Next to charging plugs, there is also a lack of interoperability of payment systems [23]. Charging points can have different payment mechanisms, including cash, debit or credit cards, mobile phone apps, and SMS payments. Increasingly, however, charging operators use subscription models, where users identify themselves with Radio-Frequency Identification (RFID) cards. However, it is often not possible for these subscribers to use charging points from other operators. As a result, customers have to take multiple subscriptions at the same time. If they want to make a long, cross-border trip in Europe, they may need as much as a dozen subscriptions. As a response to this situation, the Directive 2014/94/EU on the deployment of alternative fuels infrastructure (AFID) [4] stated that charging point operators should offer charging services on an ad hoc basis. Furthermore, it stipulates that costumers under contract of one charge point operator (i.e., having a subscription) should be allowed to charge at any other operator. This requires roaming between the operators, which implies at least the following: (a) a contractual agreement between the operators, either direct (bilateral) or indirect (via a roaming hub or clearing house), (b) the charging point to be equipped with an internet connection, (c) an RFID card reader or a function for remote activation, and (d) interoperable communication protocols [23]. Both bilateral and hub initiatives have emerged in the E.U. [23,28]. However, there is no widely adopted, single standard communication protocol, and the ones that do exist have different focusses and are not all interoperable. We discuss e-roaming in greater detail in Section 3 and Section 4.

2.3. Harmonization: Roaming in Telecommunications and the Internet Protocol

E-roaming is not the first market in which a need has arisen for a roaming infrastructure, and for an underlying, broadly adopted standard. We therefore investigated two earlier cases where significant efforts for harmonization and interoperability have taken place in order to identify lessons learned from these cases relevant to achieving harmonization in e-mobility. These cases we selected are (1) roaming in mobile telecommunications, in conjunction with the GSM, 3G, and 4G standards, and (2) roaming in the Internet, in conjunction with the Transmission Control Protocol/Internet Protocol (TCP/IP) suite. (Note that in the Internet case, people usually do not use the term “roaming”; however, the achieved functionality is very similar and, therefore, useful for our purpose.)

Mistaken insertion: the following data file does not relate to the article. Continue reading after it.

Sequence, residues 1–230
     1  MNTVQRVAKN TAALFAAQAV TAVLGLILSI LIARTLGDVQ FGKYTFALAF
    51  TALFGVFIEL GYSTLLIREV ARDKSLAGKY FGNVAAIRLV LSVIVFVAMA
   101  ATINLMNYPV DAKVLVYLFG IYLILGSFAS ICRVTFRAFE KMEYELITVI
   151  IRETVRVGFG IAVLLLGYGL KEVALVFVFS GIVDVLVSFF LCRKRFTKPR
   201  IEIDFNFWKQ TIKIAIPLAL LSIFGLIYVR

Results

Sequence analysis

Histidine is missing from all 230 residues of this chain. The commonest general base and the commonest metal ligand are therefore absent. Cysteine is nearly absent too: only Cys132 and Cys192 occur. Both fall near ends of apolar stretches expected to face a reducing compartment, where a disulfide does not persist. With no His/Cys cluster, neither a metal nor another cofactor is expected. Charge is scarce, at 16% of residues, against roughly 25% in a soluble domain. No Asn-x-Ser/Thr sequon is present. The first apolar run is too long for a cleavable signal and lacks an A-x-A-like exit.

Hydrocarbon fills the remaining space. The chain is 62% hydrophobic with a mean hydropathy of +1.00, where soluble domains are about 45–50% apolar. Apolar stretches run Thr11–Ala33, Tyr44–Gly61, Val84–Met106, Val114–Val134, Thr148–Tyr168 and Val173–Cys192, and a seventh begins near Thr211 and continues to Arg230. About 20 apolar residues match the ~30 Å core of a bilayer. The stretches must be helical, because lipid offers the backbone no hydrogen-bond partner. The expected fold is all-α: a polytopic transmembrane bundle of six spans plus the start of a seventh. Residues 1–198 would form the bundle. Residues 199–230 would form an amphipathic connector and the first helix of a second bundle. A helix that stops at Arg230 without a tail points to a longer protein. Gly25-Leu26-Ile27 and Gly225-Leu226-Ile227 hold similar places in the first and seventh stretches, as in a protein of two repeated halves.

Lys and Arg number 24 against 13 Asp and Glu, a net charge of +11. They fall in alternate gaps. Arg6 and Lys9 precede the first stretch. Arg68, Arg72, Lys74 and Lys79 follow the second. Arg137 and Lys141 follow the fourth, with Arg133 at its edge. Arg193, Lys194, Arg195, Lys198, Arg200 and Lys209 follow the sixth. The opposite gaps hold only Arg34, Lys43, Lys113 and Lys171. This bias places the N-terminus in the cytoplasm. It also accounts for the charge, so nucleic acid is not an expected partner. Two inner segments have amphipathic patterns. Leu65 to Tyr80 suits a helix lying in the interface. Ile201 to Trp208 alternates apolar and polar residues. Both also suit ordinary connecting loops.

2.3.1. Roaming in Mobile Telecommunications

Roaming in mobile telecommunications allows a mobile user to connect to another mobile network, different from their “home” network, using their own Subscriber Identity Module (SIM)-card and phone number, without the need for an additional contract (subscription) [29]. The other network is typically a foreign network (international roaming), but can also be a network in the same country (national roaming). Such roaming services do not only require telecommunications facilities in order to realize calls and other services on the visited network, but also legal contracts, and an infrastructure for billing. To make the billing infrastructure possible, the home operator and the visited network operator either have a bilateral relation (“direct”), or use the services of a clearing house (“indirect”). Roaming services include voice calls, SMS, and mobile internet. The roaming agreement between the two operators specifies financial and legal matters, but also the data exchange format. Details of the data exchange are recorded in a Transferred Account Procedure (TAP) file for billing purposes. TAP files are exchanged between the two operators (direct roaming) or sent to a clearing house, which forwards them to the home operator (indirect roaming). Based on their wholesale roaming agreement, the home operator pays the visited operator.